Ingham County Court Program Helps Child Victims of Sex Trafficking
Little girls don't dream of being forced to have sex with strangers for the financial gain of someone else. Sex trafficking is a form of slavery, where young women and girls - and men and boys - are commodities. It's become an epidemic in our nation, our state, our neighborhoods.
There are approximately 20 to 30 million slaves in the world today. According to the U.S. State Department, 600,000 to 800,000 people are trafficked across international borders every year, of which 80% are female and half are children
According to dosomething.org, "the average age a teen enters the sex trade in the U.S. is 12 to 14 years old. Many victims are runaway girls who were sexually abused as children."
In recent years, Michigan courts have been taking new approaches to those who find themselves in the system; when applicable to the situation, instead of incarceration, the court system has begun to provide better solutions in the form of 'problem solving courts', such as Veterans Court, Drug Treatment Court, Sobriety Court, Mental Health Court and more, which offer programs for the individual to receive counseling, job training and a support system that is designed (and proven to) create more positive life outcomes.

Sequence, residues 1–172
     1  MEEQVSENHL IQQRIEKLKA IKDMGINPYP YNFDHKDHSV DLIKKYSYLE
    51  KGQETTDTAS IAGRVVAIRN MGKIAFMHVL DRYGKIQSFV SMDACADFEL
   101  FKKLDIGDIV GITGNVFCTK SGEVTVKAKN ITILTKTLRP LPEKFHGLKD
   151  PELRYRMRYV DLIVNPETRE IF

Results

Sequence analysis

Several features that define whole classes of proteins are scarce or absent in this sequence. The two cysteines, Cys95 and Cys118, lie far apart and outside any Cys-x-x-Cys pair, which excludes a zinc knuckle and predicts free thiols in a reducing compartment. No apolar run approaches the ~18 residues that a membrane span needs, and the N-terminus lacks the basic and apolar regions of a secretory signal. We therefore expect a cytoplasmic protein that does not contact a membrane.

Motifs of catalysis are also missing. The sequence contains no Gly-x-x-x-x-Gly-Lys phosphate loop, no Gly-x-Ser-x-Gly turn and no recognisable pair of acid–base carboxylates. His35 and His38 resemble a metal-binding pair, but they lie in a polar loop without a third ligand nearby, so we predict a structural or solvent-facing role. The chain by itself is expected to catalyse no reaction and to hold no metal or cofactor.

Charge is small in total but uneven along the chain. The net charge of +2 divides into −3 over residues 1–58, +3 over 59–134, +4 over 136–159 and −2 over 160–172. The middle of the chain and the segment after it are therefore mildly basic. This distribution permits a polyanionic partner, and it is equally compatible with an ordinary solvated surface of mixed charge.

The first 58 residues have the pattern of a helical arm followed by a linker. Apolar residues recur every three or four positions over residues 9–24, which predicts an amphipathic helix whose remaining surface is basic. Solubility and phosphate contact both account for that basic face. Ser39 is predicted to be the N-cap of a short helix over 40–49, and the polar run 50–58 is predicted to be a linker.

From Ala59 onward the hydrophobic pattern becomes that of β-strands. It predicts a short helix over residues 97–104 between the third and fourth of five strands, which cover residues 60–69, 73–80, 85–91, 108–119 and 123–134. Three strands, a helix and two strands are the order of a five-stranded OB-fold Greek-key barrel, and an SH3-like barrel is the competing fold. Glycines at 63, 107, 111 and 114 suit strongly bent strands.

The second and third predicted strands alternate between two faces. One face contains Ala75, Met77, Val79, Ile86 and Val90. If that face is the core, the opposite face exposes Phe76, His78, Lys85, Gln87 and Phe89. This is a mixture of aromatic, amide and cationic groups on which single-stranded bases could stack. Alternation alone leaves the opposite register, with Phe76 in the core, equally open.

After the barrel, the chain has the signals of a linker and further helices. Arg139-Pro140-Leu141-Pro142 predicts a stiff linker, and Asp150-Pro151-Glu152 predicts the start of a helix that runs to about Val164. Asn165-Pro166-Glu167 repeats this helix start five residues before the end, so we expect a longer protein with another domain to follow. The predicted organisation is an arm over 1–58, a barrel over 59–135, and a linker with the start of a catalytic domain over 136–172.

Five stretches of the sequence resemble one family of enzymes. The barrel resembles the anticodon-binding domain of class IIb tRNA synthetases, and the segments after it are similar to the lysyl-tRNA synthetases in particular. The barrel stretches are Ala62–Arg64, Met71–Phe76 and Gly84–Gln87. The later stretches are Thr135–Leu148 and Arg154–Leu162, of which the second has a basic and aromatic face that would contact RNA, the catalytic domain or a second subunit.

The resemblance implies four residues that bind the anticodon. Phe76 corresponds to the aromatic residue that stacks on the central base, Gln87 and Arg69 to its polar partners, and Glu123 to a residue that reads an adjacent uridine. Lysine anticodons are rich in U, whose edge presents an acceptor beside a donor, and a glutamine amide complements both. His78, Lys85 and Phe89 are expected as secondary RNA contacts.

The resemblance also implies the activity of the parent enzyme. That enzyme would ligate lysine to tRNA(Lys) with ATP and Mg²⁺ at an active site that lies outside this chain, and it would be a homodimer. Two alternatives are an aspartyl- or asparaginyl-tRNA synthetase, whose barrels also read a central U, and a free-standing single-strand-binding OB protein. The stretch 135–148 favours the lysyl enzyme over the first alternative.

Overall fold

The Lansing State Journal reports here that the most recent addition to such programs is "Phoenix Court", a treatment program that debuted last week in Ingham County for those who have been victims of sexual exploitation. The programs give the victims and their families the chance to avoid incarceration, which doesn't solve the issues at the root of the problem, and learn better ways to navigate their lives.